Amazon AutoRip Service Updated to Include Vinyl Records

Amazon already offers its AutoRip service, which began in January and provides free digital copies of purchased physical CDs. The company has just announced an extension of that service to include purchased vinyl records from Amazon dating back to 1998. For every vinyl purchase, Amazon will provide MP3 versions to the consumer’s Cloud Player immediately and for free. Every major record label is represented on AutoRip.

Thousands of records are available on the service. “We’re thrilled to extend this experience to vinyl records,” said Steve Boom, vice president of digital music for Amazon. “Many of our music customers are vinyl fans and it’s traditionally been very difficult to make digital versions of vinyl records — now customers can enjoy the albums they buy wherever they are, not just when they have access to a record player.”

PCMag interviewed Boom about AutoRip, a possible Amazon streaming service and more.

“It is something that’s uniquely Amazon,” he said of AutoRip. “We are really the only retailer that sells both physical music and digital music. The idea behind AutoRip is to eliminate that distinction between physical and digital music. When you buy something digitally from Amazon, we gave you a copy in the cloud. You have access to it from any device, it’s a secure backup should your hard drive ever crash, should you lose your phone, or whatever. And it occurred to us — why should physical be any different?”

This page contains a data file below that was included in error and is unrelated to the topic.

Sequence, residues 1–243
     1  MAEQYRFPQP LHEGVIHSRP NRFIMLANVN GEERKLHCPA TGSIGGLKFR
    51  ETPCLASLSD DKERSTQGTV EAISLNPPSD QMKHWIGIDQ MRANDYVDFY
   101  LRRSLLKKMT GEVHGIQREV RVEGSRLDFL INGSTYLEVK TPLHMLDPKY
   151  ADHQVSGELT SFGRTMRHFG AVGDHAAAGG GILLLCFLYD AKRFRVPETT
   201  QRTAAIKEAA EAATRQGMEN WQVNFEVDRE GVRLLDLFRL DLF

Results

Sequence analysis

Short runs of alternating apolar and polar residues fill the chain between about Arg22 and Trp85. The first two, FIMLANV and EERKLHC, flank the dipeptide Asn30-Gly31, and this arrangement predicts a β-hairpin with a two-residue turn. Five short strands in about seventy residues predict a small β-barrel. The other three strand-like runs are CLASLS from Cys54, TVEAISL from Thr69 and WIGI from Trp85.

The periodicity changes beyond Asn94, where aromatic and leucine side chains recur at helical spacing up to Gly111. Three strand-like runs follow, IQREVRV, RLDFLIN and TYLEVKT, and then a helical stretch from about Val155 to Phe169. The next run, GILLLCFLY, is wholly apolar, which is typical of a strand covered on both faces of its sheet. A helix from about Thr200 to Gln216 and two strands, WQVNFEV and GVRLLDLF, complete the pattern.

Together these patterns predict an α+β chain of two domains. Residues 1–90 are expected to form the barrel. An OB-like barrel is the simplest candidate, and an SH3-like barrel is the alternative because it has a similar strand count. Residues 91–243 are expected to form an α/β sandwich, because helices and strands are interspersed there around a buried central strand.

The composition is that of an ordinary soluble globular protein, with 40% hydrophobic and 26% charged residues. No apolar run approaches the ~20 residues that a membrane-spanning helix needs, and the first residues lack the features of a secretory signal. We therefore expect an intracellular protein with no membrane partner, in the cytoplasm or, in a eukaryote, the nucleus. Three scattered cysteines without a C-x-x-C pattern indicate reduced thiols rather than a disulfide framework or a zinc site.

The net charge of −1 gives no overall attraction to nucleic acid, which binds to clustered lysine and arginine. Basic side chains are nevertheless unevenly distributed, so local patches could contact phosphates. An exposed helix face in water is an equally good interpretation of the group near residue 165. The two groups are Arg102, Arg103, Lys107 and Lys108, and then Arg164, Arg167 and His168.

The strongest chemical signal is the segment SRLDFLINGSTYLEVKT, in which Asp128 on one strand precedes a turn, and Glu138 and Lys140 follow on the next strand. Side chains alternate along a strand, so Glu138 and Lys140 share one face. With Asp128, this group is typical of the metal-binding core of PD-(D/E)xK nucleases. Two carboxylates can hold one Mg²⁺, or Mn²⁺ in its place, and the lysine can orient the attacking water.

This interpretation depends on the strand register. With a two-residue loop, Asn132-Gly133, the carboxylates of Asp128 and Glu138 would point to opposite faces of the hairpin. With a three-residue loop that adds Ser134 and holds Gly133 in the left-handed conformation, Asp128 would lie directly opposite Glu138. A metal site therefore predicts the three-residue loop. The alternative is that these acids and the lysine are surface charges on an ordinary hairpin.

As far as the rumored streaming service, he couldn’t say much.There is nothing we can really say on the record. There are rumors about us and a lot of other players. Today we have a cloud music service based on ownership, and that’s service we provide,” he said.

And would that service perhaps be included as part of Amazon Prime? “Today Prime is an amazing value as it stands. [It offers] unlimited two-day shipping, and the Prime Instant Video service as well as the Kindle Owner’s Lending Library. But yes, we’ve had a lot of customers indicate that it would be cool to have a music benefit in Prime.”